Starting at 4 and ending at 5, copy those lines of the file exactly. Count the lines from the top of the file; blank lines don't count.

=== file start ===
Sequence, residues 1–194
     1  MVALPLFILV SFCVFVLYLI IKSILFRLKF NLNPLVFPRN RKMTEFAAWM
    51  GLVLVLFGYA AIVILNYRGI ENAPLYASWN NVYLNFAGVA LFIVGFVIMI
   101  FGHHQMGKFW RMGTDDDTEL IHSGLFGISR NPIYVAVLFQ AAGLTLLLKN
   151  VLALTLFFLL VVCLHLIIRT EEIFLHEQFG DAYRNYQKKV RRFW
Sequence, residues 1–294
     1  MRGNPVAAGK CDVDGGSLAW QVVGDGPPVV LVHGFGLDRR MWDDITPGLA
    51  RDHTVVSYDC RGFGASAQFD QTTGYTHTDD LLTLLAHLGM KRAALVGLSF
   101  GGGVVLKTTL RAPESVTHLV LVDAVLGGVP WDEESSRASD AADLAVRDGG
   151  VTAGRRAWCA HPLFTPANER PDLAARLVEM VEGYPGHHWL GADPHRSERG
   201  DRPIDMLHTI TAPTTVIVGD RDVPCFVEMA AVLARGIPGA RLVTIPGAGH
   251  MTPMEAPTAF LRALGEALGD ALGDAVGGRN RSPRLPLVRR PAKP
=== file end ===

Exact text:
   101  FGHHQMGKFW RMGTDDDTEL IHSGLFGISR NPIYVAVLFQ AAGLTLLLKN
   151  VLALTLFFLL VVCLHLIIRT EEIFLHEQFG DAYRNYQKKV RRFW